For me, that all depends on what you mean by “copy.” 

Would I copy my mind to a disconnected, separate body-double?  Probably not, except as a backup in case I ever needed to restore lost functions and didn’t have better backups to work from.  The primary threats here are a breach of information security (“hacking” into my mind) or physical damage to the brain.  In either case, I would use the most recent copy to restore lost or altered function.  But I would consider that copy separate from myself for all other purposes.  A “mind twin” maybe?  I’m hesitant to say clone here. 

Would I mirror my mind’s state in real-time to a robotic body-double?  Yes, because it wouldn’t be disconnected from myself.  As far as I’m concerned, it’s an extension of my mind, rather than a copy.  I don’t like the idea of my brain being a single point of failure.  Let’s go ahead and fix that.

I’d probably also be willing to periodically synchronize with a mind-double, and then go about the rest of my day separate from it, but whether that mind-double would be “me” is hard to say.  I’d have to see how well I could function with multiple bodies and a single brain before I could give it serious consideration though.

What Are Mindclones?

“A mindclone is a software version of your mind.  He or she is all of your thoughts, recollections, feelings, beliefs, attitudes and values, and is experiencing reality from the standpoint of whatever machine their mindware is running on.  Mindclones are mindfiles being used and updated by mindware that has been set to be a functionally equivalent replica of one’s mind.  A mindclone is your software-based alter ego, doppelganger, or mental twin.  If your body died, but you had a mindclone, you would not feel that you personally died, although the body would be missed more sorely than amputees miss their limbs.”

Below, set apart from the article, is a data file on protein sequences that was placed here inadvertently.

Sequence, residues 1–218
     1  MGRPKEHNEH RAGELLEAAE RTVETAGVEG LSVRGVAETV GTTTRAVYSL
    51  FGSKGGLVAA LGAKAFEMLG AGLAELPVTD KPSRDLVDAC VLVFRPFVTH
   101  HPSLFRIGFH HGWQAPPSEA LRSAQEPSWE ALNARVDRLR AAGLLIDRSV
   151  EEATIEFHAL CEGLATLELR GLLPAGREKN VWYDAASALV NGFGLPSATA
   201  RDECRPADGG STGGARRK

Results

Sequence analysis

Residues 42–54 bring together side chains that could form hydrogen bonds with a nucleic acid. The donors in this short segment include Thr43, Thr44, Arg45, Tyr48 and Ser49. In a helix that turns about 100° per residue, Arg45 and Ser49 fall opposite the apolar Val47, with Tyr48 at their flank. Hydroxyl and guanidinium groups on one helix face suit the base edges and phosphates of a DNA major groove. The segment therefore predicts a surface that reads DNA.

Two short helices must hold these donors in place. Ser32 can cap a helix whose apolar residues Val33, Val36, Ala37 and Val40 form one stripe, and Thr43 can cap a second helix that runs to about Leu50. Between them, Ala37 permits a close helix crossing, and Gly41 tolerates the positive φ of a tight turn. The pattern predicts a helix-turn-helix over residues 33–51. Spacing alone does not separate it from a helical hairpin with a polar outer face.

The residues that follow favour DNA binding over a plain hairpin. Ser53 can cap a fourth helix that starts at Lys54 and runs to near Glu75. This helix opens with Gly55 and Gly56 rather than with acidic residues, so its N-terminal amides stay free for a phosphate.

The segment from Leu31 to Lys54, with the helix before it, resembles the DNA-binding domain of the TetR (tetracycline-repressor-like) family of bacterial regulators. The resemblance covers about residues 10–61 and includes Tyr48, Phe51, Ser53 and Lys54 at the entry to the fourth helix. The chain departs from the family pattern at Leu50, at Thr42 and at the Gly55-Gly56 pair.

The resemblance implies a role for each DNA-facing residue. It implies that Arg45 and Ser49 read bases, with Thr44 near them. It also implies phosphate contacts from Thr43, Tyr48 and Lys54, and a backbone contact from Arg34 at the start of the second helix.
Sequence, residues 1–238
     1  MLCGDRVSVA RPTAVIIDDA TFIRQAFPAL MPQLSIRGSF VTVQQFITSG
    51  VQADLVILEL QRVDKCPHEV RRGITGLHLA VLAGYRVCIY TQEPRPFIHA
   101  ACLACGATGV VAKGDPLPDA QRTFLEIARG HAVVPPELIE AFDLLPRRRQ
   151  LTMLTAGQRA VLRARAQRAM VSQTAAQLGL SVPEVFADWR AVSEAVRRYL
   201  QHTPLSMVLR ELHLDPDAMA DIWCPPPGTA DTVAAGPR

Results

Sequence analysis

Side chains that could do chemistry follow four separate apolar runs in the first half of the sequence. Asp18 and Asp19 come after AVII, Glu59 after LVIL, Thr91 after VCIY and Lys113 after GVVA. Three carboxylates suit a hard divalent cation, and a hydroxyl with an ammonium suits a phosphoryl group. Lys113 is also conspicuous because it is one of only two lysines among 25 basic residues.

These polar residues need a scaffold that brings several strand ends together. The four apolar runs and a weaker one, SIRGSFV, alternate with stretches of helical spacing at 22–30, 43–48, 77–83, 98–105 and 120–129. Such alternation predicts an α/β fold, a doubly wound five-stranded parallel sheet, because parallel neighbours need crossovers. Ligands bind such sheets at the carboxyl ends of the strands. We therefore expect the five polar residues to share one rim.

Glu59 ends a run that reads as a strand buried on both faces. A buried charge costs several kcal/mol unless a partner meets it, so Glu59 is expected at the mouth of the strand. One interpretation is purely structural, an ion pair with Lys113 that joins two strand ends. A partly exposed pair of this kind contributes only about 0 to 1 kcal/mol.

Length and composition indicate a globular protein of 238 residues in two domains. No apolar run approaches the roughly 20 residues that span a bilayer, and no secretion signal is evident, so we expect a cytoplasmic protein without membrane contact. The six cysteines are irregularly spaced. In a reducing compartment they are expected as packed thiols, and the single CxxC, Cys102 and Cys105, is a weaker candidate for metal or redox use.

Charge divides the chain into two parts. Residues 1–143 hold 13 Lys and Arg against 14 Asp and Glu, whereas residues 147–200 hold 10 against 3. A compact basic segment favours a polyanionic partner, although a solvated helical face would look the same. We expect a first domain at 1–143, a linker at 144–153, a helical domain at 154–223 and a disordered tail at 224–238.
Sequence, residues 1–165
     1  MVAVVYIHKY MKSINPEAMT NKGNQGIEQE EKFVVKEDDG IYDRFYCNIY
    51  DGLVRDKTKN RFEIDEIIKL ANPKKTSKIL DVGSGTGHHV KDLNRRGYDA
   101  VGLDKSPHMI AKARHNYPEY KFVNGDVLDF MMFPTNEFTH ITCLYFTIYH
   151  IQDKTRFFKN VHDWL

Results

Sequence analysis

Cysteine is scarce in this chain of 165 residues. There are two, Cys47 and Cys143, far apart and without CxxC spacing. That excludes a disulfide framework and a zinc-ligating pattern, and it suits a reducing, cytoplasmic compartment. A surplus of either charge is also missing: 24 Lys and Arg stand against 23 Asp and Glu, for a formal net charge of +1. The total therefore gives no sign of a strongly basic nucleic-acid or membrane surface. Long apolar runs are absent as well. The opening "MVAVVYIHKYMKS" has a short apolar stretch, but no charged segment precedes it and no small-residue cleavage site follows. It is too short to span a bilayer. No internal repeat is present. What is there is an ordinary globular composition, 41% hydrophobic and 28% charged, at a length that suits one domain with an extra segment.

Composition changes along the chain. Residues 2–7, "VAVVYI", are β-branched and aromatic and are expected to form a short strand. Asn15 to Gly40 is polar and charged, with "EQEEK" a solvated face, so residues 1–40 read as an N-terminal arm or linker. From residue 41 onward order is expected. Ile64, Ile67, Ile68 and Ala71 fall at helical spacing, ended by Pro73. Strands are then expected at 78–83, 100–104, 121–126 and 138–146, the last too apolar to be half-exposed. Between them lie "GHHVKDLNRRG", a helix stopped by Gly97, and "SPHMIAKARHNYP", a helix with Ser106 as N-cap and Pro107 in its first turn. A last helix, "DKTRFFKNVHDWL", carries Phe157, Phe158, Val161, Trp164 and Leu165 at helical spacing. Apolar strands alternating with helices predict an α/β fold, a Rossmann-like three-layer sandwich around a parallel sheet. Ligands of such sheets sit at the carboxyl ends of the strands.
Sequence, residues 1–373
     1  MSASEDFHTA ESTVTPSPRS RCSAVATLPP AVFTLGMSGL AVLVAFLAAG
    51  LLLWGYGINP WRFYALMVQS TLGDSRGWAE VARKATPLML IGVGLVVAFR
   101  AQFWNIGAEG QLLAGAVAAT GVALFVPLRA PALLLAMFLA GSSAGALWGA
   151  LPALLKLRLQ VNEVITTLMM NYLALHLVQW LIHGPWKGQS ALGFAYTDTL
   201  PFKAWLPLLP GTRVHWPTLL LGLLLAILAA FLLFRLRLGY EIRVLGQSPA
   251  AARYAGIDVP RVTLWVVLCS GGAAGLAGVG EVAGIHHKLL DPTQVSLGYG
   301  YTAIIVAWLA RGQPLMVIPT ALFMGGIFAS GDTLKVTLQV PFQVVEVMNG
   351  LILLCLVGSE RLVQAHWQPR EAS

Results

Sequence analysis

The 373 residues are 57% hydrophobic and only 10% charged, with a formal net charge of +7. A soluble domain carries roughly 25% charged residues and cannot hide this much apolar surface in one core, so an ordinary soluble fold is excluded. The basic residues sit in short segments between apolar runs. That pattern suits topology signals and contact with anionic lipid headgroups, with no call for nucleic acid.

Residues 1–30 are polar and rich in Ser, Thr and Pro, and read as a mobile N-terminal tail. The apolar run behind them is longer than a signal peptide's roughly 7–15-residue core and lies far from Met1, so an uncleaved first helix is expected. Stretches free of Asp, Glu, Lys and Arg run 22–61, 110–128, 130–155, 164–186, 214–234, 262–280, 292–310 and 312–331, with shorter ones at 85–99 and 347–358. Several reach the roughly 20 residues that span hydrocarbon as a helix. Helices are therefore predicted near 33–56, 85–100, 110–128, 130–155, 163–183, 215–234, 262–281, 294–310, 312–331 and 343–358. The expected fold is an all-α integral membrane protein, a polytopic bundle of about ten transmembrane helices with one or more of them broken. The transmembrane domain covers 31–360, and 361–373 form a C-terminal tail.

“There will be instances in which the mindclone and the original do not update each other.  Instead, the single identity decides, in conversation with itself (we biological originals do talk to ourselves, weighing pros and cons in our heads), to experience life separately.  Like being dealt two 8s in a blackjack game, and deciding to split, some people and their mindclones will go separate ways.  Even in such cases I believe we are speaking of a single identity.  We must remember that both the biological original and the mindclone share a unique psychological profile based upon a mountain of mindfile data.  They are the same person.  The fact that they subsequently have many unique, perhaps life-changing experiences does not change either of their individual identities, and hence cannot have changed their common identity.

While the original and the mindclone will be very different after years of unique experiences, they will still be the same person.  It will be as if you visited a close friend after first living ten years in Ethiopia, and then again after living ten years in China.  On the first visit your friend would remark on how the Ethiopian experiences changed you, but would still recognize you as his friend.  On the second visit your friend would see yet another version of you, this time changed by life in China.  Once again, though, your friend would surely recognize you as the same person who first left for Ethiopia twenty years earlier. This is the power of an established set of mannerisms, personality, recollections, feelings, beliefs, attitudes and values.  Whatever changes will not be able to entirely mask the starting set of conditions.  It is all but impossible to completely crawl out of an established mind.”